“Stupidity is a talent for misconception.” – Edgar Allan Poe
I’ve read a lot of stupid stuff in my day, but not much more stupid than the news coming out of Ohio that elementary school children are being told to throw books at possible gunmen in the event of a school shooting. No joke. Should a man enter your classroom with a semi-automatic rifle, or handguns, children are being told to toss a few Penguin Classics his way—or maybe those ones with the golden spines? Nah, those are too thin to be effective.
Another program in Ohio is telling some middle-schoolers to bring canned food to school. Same theory, just harder objects. They say it could “catch an intruder off guard,” if after entering the classroom with multiple firearms, he has a bunch of cans thrown at him. They claim it may “stun the intruder or even knock him out until the police arrive.” Wow, those middle-schoolers must have dedicated classes teaching them fantastic aim.
Hello children, welcome to can-tossing class. Hey! Cunningham! You know what kind of cans I mean! Did everyone bring their diced tomatoes? No, little Jimmy? Why? Oh, no, we’ve graduated from small books to small cans this year. Well, lucky for you, we have some extra. Would you like creamed corn or pinto beans?
In the off chance that a classroom of middle-schoolers can manage to grab their backpacks, open them up, find a can of garbanzo beans, and lob it at a gunman before he’s able to open fire on them in a bloody massacre, how likely is it that a kid’s gonna have the perfect aim to “knock out” his or her attacker?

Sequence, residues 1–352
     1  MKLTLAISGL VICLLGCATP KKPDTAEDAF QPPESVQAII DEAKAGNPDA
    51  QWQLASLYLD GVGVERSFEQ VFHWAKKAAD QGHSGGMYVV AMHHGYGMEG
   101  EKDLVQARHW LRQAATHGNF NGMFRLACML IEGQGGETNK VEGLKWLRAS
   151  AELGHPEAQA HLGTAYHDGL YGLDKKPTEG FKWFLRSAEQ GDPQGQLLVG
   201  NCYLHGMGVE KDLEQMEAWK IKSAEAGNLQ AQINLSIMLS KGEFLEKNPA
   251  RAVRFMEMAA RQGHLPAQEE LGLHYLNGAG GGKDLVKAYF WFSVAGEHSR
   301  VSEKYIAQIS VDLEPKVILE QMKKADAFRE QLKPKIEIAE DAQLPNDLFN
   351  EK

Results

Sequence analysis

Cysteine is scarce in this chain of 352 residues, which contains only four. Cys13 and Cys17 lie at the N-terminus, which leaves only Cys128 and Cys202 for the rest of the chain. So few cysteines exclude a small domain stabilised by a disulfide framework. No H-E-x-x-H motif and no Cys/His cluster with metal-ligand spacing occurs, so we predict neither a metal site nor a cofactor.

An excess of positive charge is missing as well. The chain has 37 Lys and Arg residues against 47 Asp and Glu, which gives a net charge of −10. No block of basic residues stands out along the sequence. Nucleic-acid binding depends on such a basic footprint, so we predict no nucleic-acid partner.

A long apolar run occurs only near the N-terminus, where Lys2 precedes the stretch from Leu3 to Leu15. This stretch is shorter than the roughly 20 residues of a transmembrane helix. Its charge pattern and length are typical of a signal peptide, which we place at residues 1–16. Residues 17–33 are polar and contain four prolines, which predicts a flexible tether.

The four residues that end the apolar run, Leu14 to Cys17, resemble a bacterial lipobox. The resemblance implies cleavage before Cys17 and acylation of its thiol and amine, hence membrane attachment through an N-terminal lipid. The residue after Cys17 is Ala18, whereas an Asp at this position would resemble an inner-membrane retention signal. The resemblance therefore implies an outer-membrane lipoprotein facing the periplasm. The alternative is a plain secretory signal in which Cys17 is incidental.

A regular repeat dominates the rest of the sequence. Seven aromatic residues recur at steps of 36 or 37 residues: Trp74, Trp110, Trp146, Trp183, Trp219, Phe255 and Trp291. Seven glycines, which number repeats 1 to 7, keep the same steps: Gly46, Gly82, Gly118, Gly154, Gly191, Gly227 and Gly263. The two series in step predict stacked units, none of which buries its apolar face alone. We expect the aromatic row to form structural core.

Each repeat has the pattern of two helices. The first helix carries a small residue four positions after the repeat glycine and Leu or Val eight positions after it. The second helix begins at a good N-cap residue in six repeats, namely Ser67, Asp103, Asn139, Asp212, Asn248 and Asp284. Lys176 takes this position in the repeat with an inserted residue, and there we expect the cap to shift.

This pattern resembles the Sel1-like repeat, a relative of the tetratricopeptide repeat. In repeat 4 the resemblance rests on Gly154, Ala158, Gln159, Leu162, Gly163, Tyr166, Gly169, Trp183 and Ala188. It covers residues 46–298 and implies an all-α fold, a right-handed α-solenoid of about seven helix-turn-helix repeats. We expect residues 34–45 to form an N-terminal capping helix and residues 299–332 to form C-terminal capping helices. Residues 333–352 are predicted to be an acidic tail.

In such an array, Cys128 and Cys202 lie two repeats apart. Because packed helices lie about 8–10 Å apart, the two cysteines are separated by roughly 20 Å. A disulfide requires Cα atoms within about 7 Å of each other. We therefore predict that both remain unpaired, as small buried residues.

If only there were some kind of projectile-based weapon in which teachers could be trained. If only teachers were allowed to arm themselves with something akin to what a shooter might use in a deadly assault in which he’s intent on slaughtering dozens of children, they might be able to disable the attacker immediately and with extreme prejudice.
Or perhaps schools could employ armed security guards, so that in the event of a shooting, instead of hundreds of children and teachers cowering in fear because they lack an adequate defense against a barrage of bullets, someone could take out the shooter with precision.
But I’m just thinking out loud, because alas, schools are “Gun Free Zones,” which means teachers and administrators—the law-abiding people who spend eight hours a day, five days a week, several hundred days a year, with your kids—are not allowed to have a firearm on their person. Even trained security guards, whose living depends of their ability to act in times of extreme duress, cannot possess firearms on school property.
Of course, “Gun Free Zones” don’t seem to stop mass-shooters. As of yet, we’re unable to determine the exact means by which school shooters circumvent the “Gun Free Zone” signs, and enter school property with firearms, but it’s being looked into. It could be the fact that signs, no matter how beautifully laminated at Staples, are in fact just pieces of paper. Or it could be that those intent on committing a massacre don’t really care for the law.
Either way, it’s nice to know our kids are safe because they have books and cans to save the day.